Friday, 13 December 2013

Saharan Dust

Interesting 'Tweet' from BC.

RT : Saharan dust over the UK tonight Might be worth putting the out

Thursday, 12 December 2013

Pugs - help needed

Here are 2 pugs that I photographed in late July.  Both are the same size with FW 9mm.  I keep changing my mind on their IDs.  I originally thought that both looked like Slender Pugs but the central spot on the earlier one is not round and the 28th July moth also seems a bit well-marked (more like a Grey Pug but too small).  Can anyone help?  Is there any significance to the bandings on the abdomens?

22nd July

28th July

Monday, 9 December 2013

Moth trap 8th December

6 December Moths (4 actually in the trap) and a Dark Sword-grass:

Wednesday, 4 December 2013

Scarce and Mottled umbers

Put the trap out in the garden on Sunday night and had Winter moths, December moths, Feathered thorn, November moth agg, and Light brown apple moth. As Sarah has found, most of them were found outside of the trap.

Trapped in a small mixed woodland on Monday night and caught Scarce umbers, Mottled umbers, November moth aggs, Winter moth and Spruce carpet.

Mottled umber

Scarce umber

Tuesday, 3 December 2013

Depressaria radiella/heraclei? otherwise known as the Parsnip moth

This one had a leg missing so it was euthanased.  The lines are 8mm apart and I measured the wl as 13mm.  Very shiny and flat with spots on the termen and a pale V with dark streaking on the inner part of the wing so I hope my id is correct.  OK, so you lot have been catching loads of them…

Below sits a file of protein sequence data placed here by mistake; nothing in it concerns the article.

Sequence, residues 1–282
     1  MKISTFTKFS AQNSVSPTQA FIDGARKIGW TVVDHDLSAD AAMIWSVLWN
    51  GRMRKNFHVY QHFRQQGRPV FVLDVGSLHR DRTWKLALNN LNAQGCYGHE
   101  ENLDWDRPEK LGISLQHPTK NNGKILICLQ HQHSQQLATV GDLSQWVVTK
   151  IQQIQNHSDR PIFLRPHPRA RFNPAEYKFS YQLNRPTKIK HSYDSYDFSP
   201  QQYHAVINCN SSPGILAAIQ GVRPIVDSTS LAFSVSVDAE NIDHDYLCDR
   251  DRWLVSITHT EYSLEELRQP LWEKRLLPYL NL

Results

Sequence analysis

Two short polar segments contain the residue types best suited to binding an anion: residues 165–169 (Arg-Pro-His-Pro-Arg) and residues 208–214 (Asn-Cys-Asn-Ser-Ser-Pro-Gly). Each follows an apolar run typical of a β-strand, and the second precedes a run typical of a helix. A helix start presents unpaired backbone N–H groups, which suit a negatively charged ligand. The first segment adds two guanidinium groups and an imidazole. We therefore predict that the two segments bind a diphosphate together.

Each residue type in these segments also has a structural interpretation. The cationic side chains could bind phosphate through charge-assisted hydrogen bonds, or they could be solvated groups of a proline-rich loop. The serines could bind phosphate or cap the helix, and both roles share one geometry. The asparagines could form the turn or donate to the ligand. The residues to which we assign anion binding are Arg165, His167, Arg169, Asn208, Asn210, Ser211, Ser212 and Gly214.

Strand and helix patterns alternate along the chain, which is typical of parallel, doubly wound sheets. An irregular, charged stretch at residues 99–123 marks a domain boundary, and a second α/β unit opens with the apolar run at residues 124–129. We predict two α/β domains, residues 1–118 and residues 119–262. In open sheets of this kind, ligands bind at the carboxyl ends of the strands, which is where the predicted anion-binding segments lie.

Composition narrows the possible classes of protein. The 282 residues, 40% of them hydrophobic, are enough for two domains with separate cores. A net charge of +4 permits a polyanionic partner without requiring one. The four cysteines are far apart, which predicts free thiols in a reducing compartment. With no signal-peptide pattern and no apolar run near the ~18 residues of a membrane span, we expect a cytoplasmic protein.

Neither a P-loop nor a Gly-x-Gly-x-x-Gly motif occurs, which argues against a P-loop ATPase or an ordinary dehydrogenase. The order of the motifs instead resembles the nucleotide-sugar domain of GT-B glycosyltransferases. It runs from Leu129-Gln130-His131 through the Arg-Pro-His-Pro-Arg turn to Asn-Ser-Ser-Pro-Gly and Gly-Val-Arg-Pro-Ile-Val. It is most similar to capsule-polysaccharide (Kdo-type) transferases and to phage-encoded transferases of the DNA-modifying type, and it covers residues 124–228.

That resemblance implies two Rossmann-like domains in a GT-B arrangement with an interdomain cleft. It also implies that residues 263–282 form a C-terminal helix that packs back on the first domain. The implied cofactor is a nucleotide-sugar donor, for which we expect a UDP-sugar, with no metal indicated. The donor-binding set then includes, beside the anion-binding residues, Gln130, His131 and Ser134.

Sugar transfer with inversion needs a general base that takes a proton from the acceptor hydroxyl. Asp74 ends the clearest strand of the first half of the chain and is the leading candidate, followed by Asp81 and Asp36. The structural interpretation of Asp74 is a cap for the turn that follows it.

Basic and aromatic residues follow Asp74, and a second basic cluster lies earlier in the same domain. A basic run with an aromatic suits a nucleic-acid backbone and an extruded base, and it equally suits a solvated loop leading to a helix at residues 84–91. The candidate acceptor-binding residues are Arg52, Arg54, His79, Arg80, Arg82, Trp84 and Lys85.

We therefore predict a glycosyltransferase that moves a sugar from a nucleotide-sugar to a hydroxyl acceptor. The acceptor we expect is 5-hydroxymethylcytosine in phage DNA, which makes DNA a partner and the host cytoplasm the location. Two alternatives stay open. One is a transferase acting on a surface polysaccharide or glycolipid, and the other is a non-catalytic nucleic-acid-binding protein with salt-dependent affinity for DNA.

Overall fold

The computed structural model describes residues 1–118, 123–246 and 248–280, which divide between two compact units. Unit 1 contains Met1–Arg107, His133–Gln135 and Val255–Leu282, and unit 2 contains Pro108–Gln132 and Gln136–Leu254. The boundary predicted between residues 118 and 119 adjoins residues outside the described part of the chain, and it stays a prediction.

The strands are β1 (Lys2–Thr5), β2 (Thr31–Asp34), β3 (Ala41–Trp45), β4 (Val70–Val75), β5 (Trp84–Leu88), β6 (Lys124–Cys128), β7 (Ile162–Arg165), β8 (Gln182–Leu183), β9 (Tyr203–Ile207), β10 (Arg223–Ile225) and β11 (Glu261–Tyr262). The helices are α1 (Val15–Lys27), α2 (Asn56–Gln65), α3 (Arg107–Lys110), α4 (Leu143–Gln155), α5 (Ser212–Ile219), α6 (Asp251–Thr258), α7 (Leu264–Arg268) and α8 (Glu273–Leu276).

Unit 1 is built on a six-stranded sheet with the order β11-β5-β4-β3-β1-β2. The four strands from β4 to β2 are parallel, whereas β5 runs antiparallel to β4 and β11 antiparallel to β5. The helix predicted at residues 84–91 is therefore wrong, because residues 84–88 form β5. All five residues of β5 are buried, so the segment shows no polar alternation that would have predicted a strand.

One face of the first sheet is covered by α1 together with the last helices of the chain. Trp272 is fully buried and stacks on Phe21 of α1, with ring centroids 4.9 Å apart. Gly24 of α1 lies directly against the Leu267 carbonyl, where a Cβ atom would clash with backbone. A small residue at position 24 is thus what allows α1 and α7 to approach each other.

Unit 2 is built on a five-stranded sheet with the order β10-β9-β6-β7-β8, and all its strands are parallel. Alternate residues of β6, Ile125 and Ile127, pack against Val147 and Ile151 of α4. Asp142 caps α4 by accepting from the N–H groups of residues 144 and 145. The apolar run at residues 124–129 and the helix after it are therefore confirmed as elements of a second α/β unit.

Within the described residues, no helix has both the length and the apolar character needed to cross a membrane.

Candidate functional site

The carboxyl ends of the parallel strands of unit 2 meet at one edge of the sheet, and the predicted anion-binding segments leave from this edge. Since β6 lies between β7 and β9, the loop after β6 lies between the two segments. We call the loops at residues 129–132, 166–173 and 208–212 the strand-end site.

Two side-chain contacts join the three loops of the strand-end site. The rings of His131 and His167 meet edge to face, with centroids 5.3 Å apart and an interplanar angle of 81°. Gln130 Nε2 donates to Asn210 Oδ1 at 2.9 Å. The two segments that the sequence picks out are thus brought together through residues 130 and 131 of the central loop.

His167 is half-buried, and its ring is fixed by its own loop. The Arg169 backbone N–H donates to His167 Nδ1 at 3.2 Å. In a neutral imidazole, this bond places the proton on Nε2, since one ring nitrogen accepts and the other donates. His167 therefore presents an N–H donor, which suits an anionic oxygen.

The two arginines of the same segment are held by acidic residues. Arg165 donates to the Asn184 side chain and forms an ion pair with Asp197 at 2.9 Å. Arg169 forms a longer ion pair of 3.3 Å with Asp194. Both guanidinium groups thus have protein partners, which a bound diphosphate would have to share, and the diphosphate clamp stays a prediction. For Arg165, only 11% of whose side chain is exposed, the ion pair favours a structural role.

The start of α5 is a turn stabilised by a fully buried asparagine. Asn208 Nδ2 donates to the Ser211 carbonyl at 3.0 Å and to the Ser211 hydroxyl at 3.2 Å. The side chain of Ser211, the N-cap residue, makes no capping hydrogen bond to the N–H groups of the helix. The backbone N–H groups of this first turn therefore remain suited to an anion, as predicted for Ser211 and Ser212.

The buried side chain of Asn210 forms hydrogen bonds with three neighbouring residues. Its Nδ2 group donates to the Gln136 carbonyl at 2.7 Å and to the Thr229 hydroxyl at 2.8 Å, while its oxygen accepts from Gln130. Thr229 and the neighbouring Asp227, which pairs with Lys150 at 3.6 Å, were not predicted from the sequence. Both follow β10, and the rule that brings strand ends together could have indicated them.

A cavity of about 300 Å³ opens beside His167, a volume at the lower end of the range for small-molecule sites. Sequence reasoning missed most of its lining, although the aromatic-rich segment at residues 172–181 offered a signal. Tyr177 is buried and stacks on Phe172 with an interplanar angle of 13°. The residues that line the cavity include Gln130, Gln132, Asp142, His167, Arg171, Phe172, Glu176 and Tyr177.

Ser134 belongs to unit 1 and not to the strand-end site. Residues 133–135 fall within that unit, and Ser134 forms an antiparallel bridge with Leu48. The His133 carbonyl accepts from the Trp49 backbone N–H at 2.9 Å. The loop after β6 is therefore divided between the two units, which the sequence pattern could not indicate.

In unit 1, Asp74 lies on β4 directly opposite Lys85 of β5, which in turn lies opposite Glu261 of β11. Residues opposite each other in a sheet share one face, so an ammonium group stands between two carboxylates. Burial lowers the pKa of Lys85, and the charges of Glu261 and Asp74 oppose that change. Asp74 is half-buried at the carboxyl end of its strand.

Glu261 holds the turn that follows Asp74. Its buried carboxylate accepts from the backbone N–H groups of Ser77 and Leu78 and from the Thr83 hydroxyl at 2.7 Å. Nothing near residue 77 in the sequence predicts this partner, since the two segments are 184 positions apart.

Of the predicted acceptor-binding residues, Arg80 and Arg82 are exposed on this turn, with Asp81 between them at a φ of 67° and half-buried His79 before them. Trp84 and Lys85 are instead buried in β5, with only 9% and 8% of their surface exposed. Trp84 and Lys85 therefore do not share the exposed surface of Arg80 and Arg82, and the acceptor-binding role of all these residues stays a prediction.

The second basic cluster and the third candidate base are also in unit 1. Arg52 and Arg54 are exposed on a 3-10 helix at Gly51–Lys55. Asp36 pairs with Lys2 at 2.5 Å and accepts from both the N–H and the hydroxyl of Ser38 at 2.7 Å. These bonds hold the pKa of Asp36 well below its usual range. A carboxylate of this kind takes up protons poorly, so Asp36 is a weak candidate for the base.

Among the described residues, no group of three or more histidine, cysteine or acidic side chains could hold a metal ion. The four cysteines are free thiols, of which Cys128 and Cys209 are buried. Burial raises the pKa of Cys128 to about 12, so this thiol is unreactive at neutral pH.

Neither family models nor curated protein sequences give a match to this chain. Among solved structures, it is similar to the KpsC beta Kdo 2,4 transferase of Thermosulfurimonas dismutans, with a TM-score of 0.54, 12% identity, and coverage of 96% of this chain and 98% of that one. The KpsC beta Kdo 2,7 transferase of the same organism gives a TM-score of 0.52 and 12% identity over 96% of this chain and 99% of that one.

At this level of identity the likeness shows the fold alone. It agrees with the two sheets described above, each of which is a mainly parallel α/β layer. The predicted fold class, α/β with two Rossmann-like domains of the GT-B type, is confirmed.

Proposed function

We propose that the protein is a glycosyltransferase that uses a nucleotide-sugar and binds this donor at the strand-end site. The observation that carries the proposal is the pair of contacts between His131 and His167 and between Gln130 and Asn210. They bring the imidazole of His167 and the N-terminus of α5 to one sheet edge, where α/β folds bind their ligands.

What is behind the name change?  What does heraclei mean and am I right in thinking the radiella is something to do with the streak pattern or that they are born with one leg short and crawl round in circles?

Chestnuts plus

I've just picked up on Sarah's Dark Chestnut.
 I had these 2 very contrasting Chestnuts in my box in late November which made me consult the books.  I'm sure they are Chestnuts but it would be instructive for some of our less experienced trappers  (inc me!) to see your Dark Chestnut Sarah, can you post it on the blog?

Bats are still flying as are lots of moths in my headlights.
Butterfly Conservation Newsletter with interesting stuff on our moths in Wales has just been published on-line.  Go to the website and click on newsletter.

Sorry second pic not cropped enough.

Sunday, 1 December 2013

30th November moth trap

I put the trap out again last night as it was another warm night (8-9C).  This morning there was a Yellow-line Quaker in the trap and a December Moth, Acleris sparsana X 2 and an Emmelina monodactyla on the house wall.  Plus a Caddisfly.

Saturday, 30 November 2013

Light Brown Apple Moth

Although our garden trap last night yielded only two December Moths and one November Moth agg we found what we believe to be a male Light Brown Apple Moth in the house.

Carolyn & Evan

Wednesday, 27 November 2013

Moth trap 26th November

No moths in the trap last night but 5 up the wall - 2  X Feathered Thorn, Dark Chestnut, December Moth and Acleris sparsana (I think...)

Sunday, 24 November 2013